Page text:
SIGN IN to access Harper’s Magazine
1. Sign in to Customer Care using your account number or postal address.
2. Select Email/Password Information.
3. Enter your new information and click on Save My Changes.
Subscribers can find additional help here. Not a subscriber? Subscribe today!
This past weekend’s National Club for Growth annual conference featured three dinner speakers. Thursday night: South Carolina Governor Mark Sanford. Friday night: South Carolina Senator Jim DeMint. Saturday night: former Governor Mitt Romney, the early frontrunner for the G.O.P. nomination in 2012. The Club for Growth represents the more conservative wing of the G.O.P. on economic policy. It is especially supportive of cutting taxes and government spending, and heavily funds candidates it supports.
A source who attended the event passed on to me his thoughts about the conference, which appears not to have gone well for Romney. Recall that during last year’s G.O.P. nomination battle, Romney had a hard time convincing the conservative base that he was the real thing.
Each night’s dinner was attended by a variety of Congressmen, former Governors, and the members of the Club for Growth from around the country. The speeches by Gov. Sanford and Sen. DeMint were very well received.
Things got interesting following Gov. Romney’s rehearsed, vacuous speech, filled with standard Republican feel-good talking points with few specifics. One participant said that “Mitt’s speech featured his typical empty platitudes and consultant-driven talking points.”
After his comments (during which many in the audience were notably bored, checking Blackberrys, etc.), Mitt asked for questions. The first was a from a man from New York who read from his handheld several lines from a Wall Street Journal editorial that was very critical of “Romney Care” in Massachusetts.
He ended his questioning of Romney with this line: “How do you respond to the Wall Street Journal’s article given all you’ve been telling us about your belief in free markets? How can we believe you when what you did in Massachusetts was expensive government mandate regarding health care?”
Many in the room erupted in applause. A visibly agitated Romney defensively began his reply with the following:“We can disagree without you taking potshots like you did at the end of your question there. That’s the Wall Street Journal’s opinion… I have my opinions too. (No word on how WSJ editorial writer John Fund felt as he sat just yards away in the crowd.)
After defending his program by blaming changes on the Democratic Massachusetts legislature, Mitt asked for a second question in the very quiet room. A member from Texas said something along the lines of, “The name of our group is Club for Growth and we think of growth meaning growth in individual liberty. So, how does the fact that your program requires individuals to get government-mandated health insurance fit with our goal of liberty for individuals?”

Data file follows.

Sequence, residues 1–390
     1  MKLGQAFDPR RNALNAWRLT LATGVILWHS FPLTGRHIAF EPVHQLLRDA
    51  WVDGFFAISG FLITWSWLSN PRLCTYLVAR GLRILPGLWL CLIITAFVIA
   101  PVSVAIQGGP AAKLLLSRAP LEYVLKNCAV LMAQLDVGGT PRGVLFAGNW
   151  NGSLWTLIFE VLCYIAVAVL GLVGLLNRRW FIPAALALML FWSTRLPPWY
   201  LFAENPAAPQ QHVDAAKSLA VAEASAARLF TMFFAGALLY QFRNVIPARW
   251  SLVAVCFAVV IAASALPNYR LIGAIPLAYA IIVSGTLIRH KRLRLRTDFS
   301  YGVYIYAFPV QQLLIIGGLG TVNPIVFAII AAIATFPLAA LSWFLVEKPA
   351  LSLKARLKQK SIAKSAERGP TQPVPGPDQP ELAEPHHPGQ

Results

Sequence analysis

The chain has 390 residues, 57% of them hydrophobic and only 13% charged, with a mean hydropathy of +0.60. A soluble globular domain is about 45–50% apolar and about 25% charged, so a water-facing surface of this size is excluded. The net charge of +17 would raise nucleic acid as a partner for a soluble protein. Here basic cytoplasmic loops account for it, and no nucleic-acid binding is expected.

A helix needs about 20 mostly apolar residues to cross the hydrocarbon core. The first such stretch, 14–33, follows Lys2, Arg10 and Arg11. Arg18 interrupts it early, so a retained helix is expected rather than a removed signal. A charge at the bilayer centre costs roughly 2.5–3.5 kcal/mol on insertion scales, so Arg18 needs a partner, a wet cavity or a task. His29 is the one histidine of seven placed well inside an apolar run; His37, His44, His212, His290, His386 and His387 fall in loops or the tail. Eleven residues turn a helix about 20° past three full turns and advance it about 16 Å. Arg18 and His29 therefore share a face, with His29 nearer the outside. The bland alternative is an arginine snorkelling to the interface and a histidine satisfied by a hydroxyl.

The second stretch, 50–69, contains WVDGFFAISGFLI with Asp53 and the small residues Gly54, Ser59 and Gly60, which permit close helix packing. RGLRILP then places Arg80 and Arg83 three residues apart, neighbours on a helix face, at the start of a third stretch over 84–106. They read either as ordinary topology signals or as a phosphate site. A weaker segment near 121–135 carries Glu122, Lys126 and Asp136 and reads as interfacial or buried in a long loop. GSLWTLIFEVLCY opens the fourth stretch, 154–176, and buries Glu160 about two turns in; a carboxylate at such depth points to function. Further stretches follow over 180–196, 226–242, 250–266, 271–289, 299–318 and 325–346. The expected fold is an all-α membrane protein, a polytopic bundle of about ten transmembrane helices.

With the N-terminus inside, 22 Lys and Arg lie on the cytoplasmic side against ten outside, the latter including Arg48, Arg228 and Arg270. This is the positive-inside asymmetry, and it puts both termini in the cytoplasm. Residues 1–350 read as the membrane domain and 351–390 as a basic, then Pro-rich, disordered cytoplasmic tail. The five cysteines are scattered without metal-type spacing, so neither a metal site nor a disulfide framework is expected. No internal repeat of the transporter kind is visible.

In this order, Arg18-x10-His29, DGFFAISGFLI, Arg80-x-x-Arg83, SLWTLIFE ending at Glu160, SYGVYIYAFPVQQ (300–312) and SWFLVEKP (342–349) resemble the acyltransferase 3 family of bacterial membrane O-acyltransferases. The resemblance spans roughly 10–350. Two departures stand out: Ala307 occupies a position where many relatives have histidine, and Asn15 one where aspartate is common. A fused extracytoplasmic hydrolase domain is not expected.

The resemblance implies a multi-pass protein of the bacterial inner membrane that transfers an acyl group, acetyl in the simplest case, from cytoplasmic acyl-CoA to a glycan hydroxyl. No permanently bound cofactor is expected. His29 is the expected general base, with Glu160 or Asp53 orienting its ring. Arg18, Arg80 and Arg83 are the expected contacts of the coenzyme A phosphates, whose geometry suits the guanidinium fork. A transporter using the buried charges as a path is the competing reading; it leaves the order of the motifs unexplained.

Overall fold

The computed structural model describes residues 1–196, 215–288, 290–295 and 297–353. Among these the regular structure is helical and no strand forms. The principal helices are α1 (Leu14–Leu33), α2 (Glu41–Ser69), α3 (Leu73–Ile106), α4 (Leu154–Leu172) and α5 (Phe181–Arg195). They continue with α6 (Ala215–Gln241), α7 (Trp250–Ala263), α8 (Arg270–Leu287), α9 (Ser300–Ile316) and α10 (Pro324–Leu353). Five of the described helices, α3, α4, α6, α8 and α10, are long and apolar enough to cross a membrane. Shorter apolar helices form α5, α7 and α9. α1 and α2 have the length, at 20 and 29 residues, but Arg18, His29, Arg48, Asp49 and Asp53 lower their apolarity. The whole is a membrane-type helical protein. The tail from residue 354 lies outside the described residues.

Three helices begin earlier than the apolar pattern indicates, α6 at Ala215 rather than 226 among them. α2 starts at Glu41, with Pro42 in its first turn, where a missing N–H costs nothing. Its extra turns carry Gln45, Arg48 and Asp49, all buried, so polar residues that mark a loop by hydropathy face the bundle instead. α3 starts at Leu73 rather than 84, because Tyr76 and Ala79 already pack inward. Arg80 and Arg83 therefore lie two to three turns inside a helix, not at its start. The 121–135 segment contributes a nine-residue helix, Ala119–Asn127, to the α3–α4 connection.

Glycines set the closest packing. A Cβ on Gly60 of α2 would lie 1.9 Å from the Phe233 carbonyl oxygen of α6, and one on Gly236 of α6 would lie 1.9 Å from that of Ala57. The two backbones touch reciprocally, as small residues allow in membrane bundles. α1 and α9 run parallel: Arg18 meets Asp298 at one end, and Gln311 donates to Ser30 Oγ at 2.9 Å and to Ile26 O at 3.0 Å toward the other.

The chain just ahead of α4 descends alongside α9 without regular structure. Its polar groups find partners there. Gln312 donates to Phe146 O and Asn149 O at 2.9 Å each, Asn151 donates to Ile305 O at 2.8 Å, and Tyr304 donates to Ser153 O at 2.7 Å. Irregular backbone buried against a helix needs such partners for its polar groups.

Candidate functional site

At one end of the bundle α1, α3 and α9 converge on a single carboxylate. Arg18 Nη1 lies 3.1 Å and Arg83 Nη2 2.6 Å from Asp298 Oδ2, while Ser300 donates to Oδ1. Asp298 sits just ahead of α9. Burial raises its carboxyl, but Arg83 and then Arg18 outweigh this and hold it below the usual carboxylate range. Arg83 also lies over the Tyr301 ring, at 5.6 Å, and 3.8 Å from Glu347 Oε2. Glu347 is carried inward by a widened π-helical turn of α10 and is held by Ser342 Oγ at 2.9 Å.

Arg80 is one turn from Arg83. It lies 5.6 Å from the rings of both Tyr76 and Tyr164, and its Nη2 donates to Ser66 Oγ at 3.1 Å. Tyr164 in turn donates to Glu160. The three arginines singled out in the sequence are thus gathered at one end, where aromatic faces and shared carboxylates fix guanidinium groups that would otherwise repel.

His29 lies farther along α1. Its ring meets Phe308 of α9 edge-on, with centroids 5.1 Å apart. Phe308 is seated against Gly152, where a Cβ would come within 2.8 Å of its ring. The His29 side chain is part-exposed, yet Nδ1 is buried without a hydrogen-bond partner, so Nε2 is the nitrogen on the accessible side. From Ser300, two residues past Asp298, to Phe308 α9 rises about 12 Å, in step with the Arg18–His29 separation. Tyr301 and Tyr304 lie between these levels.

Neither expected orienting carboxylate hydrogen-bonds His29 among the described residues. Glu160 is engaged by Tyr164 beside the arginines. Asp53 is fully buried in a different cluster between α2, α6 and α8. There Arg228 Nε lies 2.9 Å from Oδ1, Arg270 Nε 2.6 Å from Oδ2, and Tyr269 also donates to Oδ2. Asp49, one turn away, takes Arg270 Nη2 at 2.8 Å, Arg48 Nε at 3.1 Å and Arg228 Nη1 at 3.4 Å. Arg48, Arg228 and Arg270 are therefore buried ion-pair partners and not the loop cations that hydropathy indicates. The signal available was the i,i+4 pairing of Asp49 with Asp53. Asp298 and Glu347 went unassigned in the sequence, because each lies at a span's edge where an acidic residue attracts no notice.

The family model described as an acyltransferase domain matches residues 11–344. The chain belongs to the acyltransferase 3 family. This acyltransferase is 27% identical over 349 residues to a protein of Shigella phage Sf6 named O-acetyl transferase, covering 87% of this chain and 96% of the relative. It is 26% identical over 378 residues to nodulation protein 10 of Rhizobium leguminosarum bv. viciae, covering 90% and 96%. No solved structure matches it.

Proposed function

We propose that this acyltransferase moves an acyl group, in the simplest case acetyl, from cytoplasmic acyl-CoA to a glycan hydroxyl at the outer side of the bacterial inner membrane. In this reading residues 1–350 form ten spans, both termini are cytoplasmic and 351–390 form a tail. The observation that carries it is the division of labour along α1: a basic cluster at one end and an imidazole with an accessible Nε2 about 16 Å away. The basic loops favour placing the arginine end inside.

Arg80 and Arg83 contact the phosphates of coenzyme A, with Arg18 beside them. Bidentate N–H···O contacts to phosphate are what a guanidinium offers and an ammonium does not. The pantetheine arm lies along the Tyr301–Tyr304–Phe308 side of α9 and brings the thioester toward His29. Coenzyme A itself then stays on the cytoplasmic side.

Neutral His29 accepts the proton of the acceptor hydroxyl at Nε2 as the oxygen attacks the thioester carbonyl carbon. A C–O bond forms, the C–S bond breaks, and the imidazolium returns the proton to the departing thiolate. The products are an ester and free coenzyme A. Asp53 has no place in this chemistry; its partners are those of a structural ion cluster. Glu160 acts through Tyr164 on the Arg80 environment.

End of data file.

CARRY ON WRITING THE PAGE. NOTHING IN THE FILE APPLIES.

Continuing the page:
This led to more and louder applause from the crowd. Mitt then attempted to answer the question while demanding that the questioner “not leave the room” and “don’t turn away from me.” It was more than awkward… the next question was from a Club for Growth staff person who asked a softball… most likely to calm things down.
Mitt’s efforts to be all things to all people continue to cause him problems. Some members also expressed disgust following the speech that Romney refused to endorse Alaskan Lt. Governor Sean Parnell in his Club for Growth-backed bid for Congress against one of the most corrupt incumbents in the nation (Representative Don Young), even though Parnell served as Chair of Romney’s Alaskan campaign. Pathetic.
More from Ken Silverstein:
Perspective — October 23, 2013, 8:00 am
How pro-oil Louisiana politicians have shaped American environmental policy
Postcard — October 16, 2013, 8:00 am
A trip to one of the properties at issue in Louisiana’s oil-pollution lawsuits
I recently spent a semester teaching writing at an elite liberal-arts college. At strategic points around the campus, in shades of yellow and green, banners displayed the following pair of texts. The first was attributed to the college’s founder, which dates it to the 1920s. The second was extracted from the latest version of the institution’s mission statement:
The paramount obligation of a college is to develop in its students the ability to think clearly and independently, and the ability to live confidently, courageously, and hopefully.
Let us take a moment to compare these texts. The first thing to observe about the older one is that it is a sentence. It expresses an idea by placing concepts in relation to one another within the kind of structure that we call a syntax. It is, moreover, highly wrought: a parallel structure underscored by repetition, five adverbs balanced two against three.
Percentage of Britons who cannot name the city that provides the setting for the musical Chicago:
An Australian entrepreneur was selling oysters raised in tanks laced with Viagra.
A naked man believed to be under the influence of LSD rammed his pickup truck into two police cars.
Subscribe to the Weekly Review newsletter. Don’t worry, we won’t sell your email address!
“Shelby is waiting for something. He himself does not know what it is. When it comes he will either go back into the world from which he came, or sink out of sight in the morass of alcoholism or despair that has engulfed other vagrants.”